I am not talking about the thousands of dollars he paid or the money to transfer said prostitute across state lines.
I am talking about a promising career to which, even if he doesn't resign, is no longer so promising.
I am talking about publicly embarrassing his family and his wife, Silda, with his indiscretions.
Party wise, this is the height an election season to which Democratic contender, although not a part of the story itself, is being affected...evidenced by Hillary Clinton scrubbing all mention of her high profile Spitzer endorsement off of her site within an hour of the story breaking.
An awful high price to pay for a call girl, don't you think?
We touched on the original announcement yesterday, but today, more news continues to flow about Elliot Spitzer and what led to the scandal of this campaign season, even though it isn't even a scandal involving any presidential candidates.
The news about how this investigation progressed came out yesterday when ABC headlined their piece, "It Wasn't the Sex; Suspicious $$ Transfers Led to Spitzer".
In that article it said:
The federal investigation of a New York prostitution ring was triggered by Gov. Eliot Spitzer's suspicious money transfers, initially leading agents to believe Spitzer was hiding bribes, according to federal officials.
It was only months later that the IRS and the FBI determined that Spitzer wasn't hiding bribes but payments to a company called QAT, what prosecutors say is a prostitution operation operating under the name of the Emperor's Club.
Today we see more reports showing exactly how those initial investigations progressed.
A routine tax inquiry:
A criminal investigation began last year into suspicious financial transactions, conducted by Elliot Spitzer, were reported to the internal revenue service when banks found several unusual movements of cash involving the governor of New York.
According to officials speaking anonymously, it wasn't even the transactions themselves that flagged Spitzer, it was his efforts to "conceal the source, destination or purpose of the movement", of those transactions.
The money ended up in the bank accounts of what appeared to be shell companies, corporations that essentially had no real business.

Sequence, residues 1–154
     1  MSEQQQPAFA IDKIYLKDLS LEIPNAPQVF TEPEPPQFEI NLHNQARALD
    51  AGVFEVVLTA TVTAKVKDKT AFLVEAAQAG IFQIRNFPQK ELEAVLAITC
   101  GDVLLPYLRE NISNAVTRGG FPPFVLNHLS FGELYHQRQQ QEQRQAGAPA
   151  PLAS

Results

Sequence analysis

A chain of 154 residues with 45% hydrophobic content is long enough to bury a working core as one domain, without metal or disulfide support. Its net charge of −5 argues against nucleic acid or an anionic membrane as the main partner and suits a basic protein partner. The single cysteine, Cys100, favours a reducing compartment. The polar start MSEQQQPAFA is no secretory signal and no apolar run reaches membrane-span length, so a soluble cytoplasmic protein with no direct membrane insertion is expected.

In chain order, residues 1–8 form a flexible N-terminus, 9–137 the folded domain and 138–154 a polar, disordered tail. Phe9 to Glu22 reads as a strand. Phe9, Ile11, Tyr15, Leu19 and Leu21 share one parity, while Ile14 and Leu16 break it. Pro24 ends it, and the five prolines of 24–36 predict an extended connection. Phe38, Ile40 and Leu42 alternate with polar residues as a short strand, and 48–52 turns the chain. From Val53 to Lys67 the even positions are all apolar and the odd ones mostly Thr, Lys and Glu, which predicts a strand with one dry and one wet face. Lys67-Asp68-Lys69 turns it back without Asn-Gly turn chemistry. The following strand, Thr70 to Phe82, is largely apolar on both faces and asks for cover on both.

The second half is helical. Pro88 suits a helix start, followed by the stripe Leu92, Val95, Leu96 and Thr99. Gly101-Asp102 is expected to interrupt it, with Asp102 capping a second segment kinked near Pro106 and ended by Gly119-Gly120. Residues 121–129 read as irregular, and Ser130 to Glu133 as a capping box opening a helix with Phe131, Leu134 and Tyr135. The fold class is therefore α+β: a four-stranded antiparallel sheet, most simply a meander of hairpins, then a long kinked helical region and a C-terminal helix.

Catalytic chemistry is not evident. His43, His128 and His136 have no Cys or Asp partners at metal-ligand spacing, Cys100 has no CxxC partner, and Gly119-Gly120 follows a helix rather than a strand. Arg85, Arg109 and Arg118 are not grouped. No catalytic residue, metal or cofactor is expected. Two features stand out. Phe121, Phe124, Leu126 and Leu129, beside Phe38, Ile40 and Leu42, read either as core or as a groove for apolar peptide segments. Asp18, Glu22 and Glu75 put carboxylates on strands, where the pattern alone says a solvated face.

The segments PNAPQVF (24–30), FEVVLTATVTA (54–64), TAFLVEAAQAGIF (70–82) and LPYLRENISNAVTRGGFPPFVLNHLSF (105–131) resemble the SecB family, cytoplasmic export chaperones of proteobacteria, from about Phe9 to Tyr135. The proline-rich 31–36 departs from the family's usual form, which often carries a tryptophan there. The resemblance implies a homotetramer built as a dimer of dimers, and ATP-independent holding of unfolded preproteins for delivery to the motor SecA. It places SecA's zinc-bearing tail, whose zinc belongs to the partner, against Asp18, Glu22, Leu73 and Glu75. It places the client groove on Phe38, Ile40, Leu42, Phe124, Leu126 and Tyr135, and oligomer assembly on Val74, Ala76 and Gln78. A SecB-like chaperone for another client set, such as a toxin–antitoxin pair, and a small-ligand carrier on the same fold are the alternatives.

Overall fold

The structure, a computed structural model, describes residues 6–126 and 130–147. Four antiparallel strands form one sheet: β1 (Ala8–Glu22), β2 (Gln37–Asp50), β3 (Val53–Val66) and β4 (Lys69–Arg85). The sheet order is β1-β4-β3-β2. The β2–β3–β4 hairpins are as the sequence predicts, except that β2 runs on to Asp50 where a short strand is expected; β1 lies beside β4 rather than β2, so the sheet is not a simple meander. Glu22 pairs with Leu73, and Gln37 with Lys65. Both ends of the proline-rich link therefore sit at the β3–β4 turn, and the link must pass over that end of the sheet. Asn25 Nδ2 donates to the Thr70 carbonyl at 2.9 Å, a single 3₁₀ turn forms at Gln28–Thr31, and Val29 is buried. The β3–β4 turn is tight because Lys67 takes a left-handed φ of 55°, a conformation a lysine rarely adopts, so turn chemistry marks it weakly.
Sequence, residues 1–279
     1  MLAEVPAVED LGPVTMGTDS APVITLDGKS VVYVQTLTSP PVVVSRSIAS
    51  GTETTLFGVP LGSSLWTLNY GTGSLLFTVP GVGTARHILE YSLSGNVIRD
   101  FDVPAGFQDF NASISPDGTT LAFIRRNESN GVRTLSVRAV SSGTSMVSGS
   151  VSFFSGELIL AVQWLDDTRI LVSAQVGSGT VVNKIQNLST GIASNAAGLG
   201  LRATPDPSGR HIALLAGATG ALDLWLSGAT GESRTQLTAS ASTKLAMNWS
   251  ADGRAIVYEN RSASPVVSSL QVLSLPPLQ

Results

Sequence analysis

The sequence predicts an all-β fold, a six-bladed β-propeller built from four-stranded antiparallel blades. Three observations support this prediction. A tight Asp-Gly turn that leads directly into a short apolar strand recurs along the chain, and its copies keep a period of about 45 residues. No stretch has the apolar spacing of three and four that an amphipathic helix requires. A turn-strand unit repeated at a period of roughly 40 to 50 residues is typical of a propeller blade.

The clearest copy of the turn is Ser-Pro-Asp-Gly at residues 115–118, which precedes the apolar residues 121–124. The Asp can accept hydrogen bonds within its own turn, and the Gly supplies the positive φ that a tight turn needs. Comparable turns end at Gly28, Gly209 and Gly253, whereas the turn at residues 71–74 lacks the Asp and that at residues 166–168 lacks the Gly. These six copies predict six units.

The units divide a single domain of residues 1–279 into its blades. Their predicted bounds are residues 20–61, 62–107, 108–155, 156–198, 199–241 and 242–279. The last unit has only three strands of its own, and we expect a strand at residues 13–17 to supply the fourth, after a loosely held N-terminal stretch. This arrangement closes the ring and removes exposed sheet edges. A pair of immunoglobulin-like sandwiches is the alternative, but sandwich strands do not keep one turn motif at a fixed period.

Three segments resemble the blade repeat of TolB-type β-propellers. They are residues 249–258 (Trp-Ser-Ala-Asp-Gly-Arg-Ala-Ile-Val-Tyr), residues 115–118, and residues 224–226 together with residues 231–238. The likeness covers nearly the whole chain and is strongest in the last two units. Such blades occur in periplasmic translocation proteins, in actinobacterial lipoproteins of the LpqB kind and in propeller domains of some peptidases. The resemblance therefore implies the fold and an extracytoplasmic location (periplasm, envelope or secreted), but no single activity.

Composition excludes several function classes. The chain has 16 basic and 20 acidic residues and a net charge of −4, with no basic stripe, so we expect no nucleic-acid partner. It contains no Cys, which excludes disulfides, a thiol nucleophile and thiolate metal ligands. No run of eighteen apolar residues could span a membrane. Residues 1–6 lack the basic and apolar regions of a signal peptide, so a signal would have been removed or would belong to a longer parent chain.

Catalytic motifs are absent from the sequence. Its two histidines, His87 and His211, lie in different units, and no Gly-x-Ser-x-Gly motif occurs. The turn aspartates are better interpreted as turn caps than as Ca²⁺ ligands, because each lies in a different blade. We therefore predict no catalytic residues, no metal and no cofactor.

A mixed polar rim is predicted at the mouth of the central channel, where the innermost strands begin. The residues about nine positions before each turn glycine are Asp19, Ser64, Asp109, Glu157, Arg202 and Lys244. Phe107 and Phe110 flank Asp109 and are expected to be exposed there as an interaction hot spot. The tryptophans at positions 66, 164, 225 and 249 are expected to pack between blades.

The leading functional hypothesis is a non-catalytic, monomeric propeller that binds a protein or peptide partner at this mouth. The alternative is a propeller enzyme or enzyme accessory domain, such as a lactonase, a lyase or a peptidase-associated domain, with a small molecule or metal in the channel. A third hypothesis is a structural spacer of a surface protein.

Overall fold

The transactions, officials said, suggested possible financial crimes — maybe bribery, political corruption, or something inappropriate involving campaign finance. Prostitution, they said, was the furthest thing from the minds of the investigators.
This brought together different agencies to investigate, the I.R.S.'s Criminal Investigation Division, the FBI and federal prosecutors from Manhattan.
It didn't take long for these investigators to realize, they were not looking at a man trying to conceal bribes, but a man attempting to conceal that he was meeting, arranging travel for and paying for prostitutes.
This led investigators to the Emperor’s Club V.I.P, a very high priced escort service that used shell companies, which are corporations that essentially had no real business,to run their money through.
Many Spitzer supporters are saying he should not resign, but loyal party members seem to disagree, because the story that broke yesterday is about to get worse for Elliott Spitzer. Some reports say that there is more than 5,000 intercepted phone calls and text messages and more than 6,000 e-mails recovered with search warrants as well as bank records, travel and hotel records and physical surveillance.
Spitzer is putting together a very impressive legal team which will fight this battle for him, but the evidence of the investigation, listed above, will end up in the public eye and for the Democratic party, his resignation is the only way that will help blunt further damage to the Democratic party as a whole.
Disassociation is the name of the game at this point and many, just as Clinton did, want to distance themselves from Spitzer as quickly as possible.
On a side note, there are GOP lawmakers indicating that they will seek to impeach Spitzer if he does not resign within 48 hours.